Small And Midsize Enterprises - SME

Definition of 'Small And Midsize Enterprises - SME'


A business that maintains revenues or a number of employees below a certain standard. Every country has its own definition of what is considered a small and medium-sized enterprise. In the United States, there is no distinct way to identify SME; it typically it depends on the industry in which the company competes.

In the European Union, a small-sized enterprise is a company with fewer than 50 employees, while a medium-sized enterprise is one with fewer than 250 employees.

Investopedia explains 'Small And Midsize Enterprises - SME'


SME firms tend to spend a lot of money on IT and, as a result, these businesses are strongest in the area of innovation. The need to attract capital to fund projects is therefore essential for small and medium-sized enterprises. To be competitive SME firms require "out of the box" solutions, even if they involve surrendering some functionality.



comments powered by Disqus
Hot Definitions
  1. Takeover

    A corporate action where an acquiring company makes a bid for an acquiree. If the target company is publicly traded, the acquiring company will make an offer for the outstanding shares.
  2. Harvest Strategy

    A strategy in which investment in a particular line of business is reduced or eliminated because the revenue brought in by additional investment would not warrant the expense. A harvest strategy is employed when a line of business is considered to be a cash cow, meaning that the brand is mature and is unlikely to grow if more investment is added.
  3. Stop-Limit Order

    An order placed with a broker that combines the features of stop order with those of a limit order. A stop-limit order will be executed at a specified price (or better) after a given stop price has been reached. Once the stop price is reached, the stop-limit order becomes a limit order to buy (or sell) at the limit price or better.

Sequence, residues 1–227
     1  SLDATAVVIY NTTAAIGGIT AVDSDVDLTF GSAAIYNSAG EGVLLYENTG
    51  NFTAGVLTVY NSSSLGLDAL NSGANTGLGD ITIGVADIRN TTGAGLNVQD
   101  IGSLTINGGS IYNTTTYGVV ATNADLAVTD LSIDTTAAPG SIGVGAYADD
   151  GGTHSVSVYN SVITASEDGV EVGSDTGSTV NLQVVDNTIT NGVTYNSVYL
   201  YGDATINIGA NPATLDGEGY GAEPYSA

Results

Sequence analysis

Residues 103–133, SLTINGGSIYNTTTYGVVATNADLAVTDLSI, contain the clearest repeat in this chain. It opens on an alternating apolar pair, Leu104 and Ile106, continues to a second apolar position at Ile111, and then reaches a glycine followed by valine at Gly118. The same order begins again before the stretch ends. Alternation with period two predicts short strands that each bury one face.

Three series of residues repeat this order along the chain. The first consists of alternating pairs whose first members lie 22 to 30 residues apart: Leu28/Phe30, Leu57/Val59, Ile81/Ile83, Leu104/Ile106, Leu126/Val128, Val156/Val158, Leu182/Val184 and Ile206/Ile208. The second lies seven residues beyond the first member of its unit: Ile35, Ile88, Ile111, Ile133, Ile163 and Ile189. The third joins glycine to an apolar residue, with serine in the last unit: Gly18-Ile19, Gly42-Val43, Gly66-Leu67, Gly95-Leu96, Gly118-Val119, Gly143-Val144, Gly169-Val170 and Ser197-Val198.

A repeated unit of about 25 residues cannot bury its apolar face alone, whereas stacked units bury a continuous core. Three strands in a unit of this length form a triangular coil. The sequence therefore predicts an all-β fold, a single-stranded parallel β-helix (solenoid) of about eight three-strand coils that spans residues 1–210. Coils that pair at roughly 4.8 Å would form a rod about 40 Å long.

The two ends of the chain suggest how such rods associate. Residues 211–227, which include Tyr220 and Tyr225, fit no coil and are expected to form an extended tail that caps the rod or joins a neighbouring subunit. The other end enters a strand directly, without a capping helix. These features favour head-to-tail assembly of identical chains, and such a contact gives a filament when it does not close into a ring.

4. Pareto Principle

    A principle, named after economist Vilfredo Pareto, that specifies an unequal relationship between inputs and outputs. The principle states that, for many phenomena, 20% of invested input is responsible for 80% of the results obtained. Put another way, 80% of consequences stem from 20% of the causes.
  5. Pareto Principle

    A principle, named after economist Vilfredo Pareto, that specifies an unequal relationship between inputs and outputs. The principle states that, for many phenomena, 20% of invested input is responsible for 80% of the results obtained. Put another way, 80% of consequences stem from 20% of the causes.
  6. Budget Deficit

    A status of financial health in which expenditures exceed revenue. The term "budget deficit" is most commonly used to refer to government spending rather than business or individual spending. When referring to accrued federal government deficits, the term "national debt” is used.
Trading Center